Friday, September 30, 2005

Flak jackets and Ebay

The Huffington Post cites a Yahoo News article by former soldier who served in Iraq. He tells the tale of a soldier who joined the march to Baghdad wearing a flak jacket that his mother found for him on Ebay. And what advertisement do you suppose shows up alongside that article?

Click to see full-size screen shot.

Those ad robots do some funny things at times. A more sophisticated robot would have changed the Clothing image to a flak jacket.

It is remarkable how US soldiers have to outfit themselves, given what we're spending on this war. A marine who took part in the invasion told me that he bought a consumer GPS device at Best Buy before he shipped out. He said it was much more convenient and user-friendly than the government-issued mil-spec GPS, which was large and heavy and had a clunky user interface.

Wednesday, September 28, 2005

Gmail serves Hallmark ad while displaying ... Hallmark ad

A friend celebrated her birthday recently, so I sent her an online card. I used Hallmark's free e-card service. I've used them before, so I'm on Hallmark's mailing list.

So it wasn't a surprise that I received an ad via e-mail from Hallmark. What did surprise me is that Gmail served up an ad from ... Hallmark. I wonder what Hallmark paid for that ad. Quite an irony to pay for a targeted ad that's keyed off of your own content.

Thursday, September 22, 2005

30 days hath September, but Sony hath 31

For years now I've used Imagestation to host my photos on the Web. They are trying to turn this free service into a revenue generator -- or at least achieve cost recovery. I've got gigabytes of images stored online for free.

Now they want me to convert to "Silver" membership at $9.99 a year, half off for the first year.

Really, it's not a bad deal. But they've given me until September 31, 2005 to decide.

The only problem with this: September hath 30 days, not 31.

Friday, September 16, 2005

Something's rotten about these apples

Apple Computer has been bombarding me with mail urging me to buy a Mac so I can get a free Ipod Mini. Actually, my household already has a Mini, and its hard drive died a month ago. More importantly, Apple has released the Nano, which is solid state and a fraction of the size of the Mini.

And Apple has removed the Mini, only about 20 months old, from its catalog.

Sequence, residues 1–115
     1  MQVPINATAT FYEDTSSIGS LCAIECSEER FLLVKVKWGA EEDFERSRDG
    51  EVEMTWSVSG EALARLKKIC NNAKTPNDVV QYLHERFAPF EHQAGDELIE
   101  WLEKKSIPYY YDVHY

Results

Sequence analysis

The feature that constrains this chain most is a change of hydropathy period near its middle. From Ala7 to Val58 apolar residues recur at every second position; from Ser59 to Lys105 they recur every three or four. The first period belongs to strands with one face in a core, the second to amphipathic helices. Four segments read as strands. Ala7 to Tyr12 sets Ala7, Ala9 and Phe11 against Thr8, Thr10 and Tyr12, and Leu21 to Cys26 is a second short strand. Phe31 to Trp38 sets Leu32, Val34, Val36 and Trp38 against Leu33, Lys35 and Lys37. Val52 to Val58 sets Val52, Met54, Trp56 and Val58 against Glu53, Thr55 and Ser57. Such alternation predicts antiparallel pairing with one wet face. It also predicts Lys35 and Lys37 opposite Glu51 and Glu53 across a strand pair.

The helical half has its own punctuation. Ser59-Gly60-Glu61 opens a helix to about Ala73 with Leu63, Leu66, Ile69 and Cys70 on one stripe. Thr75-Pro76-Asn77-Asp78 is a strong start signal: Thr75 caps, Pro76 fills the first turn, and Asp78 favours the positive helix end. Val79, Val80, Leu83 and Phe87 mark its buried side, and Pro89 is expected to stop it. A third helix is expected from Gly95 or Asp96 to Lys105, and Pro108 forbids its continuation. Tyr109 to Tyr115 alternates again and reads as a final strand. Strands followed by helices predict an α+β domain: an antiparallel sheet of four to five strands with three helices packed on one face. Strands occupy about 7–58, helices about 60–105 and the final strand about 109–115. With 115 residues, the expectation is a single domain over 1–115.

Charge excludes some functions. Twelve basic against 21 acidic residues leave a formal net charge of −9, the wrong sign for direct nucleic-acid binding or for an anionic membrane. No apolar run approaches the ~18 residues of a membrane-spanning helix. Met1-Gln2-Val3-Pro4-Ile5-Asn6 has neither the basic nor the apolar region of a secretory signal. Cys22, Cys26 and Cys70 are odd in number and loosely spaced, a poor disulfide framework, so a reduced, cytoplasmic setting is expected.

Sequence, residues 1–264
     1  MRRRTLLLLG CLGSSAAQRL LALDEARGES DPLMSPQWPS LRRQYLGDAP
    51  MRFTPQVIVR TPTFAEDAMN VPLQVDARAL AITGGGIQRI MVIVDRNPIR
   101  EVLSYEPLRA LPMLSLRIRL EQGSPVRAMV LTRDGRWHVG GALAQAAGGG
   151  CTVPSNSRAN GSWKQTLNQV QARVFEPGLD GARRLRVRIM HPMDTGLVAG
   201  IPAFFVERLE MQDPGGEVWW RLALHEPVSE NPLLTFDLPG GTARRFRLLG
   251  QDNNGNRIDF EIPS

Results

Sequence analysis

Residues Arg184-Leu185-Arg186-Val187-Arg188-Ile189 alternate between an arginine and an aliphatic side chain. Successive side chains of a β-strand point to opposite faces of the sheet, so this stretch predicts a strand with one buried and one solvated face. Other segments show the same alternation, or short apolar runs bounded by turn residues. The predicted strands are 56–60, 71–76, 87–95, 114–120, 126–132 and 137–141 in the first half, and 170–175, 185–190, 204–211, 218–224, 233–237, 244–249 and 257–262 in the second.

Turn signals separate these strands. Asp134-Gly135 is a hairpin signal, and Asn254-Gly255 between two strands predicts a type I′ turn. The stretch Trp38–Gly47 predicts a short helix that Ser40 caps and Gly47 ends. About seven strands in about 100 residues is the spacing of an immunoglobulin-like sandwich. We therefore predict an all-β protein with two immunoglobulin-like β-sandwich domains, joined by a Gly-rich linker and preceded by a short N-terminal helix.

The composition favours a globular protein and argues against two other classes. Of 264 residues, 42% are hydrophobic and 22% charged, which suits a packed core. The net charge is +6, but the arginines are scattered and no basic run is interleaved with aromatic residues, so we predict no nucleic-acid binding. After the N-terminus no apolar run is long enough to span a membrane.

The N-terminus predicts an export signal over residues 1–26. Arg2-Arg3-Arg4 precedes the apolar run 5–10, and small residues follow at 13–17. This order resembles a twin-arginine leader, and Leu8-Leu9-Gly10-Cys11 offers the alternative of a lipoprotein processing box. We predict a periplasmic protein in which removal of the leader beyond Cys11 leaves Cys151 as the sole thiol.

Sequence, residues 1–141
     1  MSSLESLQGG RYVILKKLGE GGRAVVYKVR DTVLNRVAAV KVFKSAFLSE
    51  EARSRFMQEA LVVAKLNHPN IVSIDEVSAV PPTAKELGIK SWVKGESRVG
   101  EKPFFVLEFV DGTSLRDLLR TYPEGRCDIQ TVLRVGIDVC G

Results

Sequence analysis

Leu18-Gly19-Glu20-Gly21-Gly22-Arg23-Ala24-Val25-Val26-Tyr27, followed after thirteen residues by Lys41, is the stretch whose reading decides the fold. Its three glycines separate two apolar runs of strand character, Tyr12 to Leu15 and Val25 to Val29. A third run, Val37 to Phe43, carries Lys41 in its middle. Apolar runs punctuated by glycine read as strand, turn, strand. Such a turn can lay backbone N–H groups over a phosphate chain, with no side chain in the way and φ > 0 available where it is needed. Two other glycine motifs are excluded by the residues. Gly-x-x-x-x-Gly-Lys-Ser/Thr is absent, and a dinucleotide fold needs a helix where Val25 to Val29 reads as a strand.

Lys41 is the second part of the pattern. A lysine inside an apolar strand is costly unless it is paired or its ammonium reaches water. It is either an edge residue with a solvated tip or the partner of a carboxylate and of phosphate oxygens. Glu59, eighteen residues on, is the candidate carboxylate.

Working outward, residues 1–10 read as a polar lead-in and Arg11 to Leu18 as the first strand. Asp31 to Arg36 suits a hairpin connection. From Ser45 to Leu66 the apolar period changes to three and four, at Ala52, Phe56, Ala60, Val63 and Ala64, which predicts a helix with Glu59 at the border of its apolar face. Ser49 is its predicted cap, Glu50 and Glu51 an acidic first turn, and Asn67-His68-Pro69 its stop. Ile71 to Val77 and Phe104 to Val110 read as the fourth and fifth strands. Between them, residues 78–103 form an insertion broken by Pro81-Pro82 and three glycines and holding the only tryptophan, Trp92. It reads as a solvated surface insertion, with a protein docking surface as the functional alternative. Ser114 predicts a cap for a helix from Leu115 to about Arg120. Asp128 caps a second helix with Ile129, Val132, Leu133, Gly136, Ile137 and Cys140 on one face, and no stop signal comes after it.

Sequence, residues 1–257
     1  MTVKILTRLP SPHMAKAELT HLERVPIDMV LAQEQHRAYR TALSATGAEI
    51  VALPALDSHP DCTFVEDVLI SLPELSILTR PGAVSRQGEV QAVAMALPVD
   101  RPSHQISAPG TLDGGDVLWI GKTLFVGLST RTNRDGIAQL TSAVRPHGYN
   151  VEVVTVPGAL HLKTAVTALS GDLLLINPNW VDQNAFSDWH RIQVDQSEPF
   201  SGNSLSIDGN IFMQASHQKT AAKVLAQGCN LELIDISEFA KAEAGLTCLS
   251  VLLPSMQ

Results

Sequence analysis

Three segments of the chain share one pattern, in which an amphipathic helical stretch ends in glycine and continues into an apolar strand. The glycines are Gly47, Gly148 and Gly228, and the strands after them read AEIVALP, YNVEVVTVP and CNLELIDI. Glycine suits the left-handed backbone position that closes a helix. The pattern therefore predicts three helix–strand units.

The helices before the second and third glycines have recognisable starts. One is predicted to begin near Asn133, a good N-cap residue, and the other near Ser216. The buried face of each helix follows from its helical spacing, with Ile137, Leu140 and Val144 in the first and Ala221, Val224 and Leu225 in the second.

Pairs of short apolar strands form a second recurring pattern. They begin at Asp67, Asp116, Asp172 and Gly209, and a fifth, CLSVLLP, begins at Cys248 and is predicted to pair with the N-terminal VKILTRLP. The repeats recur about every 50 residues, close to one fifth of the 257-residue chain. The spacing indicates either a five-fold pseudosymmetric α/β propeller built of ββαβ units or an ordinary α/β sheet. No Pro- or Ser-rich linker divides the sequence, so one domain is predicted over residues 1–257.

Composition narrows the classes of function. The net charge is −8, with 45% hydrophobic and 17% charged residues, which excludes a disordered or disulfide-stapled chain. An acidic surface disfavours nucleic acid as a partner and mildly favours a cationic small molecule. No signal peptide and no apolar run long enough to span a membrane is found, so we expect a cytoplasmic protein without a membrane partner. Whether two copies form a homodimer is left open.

The Mini was a remarkable piece of engineering. The Nano blows it away. Apple was courageous, and wise, to replace the Mini with the Nano.

Everyone understands the purpose of a fire sale. What I don't understand is why Apple is pushing an item no longer on its catalog -- a product prone to hard drive and battery failure. If the "free" Mini comes with a warranty, it's going to cost Apple big bucks in the long run.

Tuesday, September 13, 2005

Camels invade campus of a large Midwestern university

Suddenly, there were camels on campus at Michigan State University today.

The vice president for university relations, Terry Denbow, found a new friend.

As did a computer nerd:

But an MSU student discovered absolute, unconditional, true love:

Click to see full-size images. For the complete collection of photos of the camel invasion, please see . You have to subscribe to Imagestation, but it is free.

Thursday, September 08, 2005

Ipod Mini, reborn diskless

As predicted, but sooner than expected: Apple replaces the Ipod Mini with a diskless wonder.

Sunday, September 04, 2005

From Agony to Ecstasy

Sometimes the irony is palpable:

Carnival Sending Three Ships for Refugees

The Associated Press

Saturday, September 3, 2005; 6:11 PM

ORLANDO, Fla. -- Three Carnival Cruise Lines ships have been pressed into service by the government to provide shelter for as many as 7,000 hurricane victims.

The Ecstasy, the Sensation and the Holiday will be pulled from regular use starting Monday at the request of the Federal Emergency Management Agency. The cost of the charters was not disclosed.

The idea of using cruise ships to house the displaced is a good one; how else can you bring thousands of hotel rooms online instantly? But the names of the ships are definitely ironic.

Saturday, September 03, 2005

Matching Katrina victims and families: General Delivery, and cell phones

CNN just reported that the USPS has created a new ZIP Code for refugees at the Astrodome.

People can send mail to:

[name of person]
General Delivery
Houston TX 77230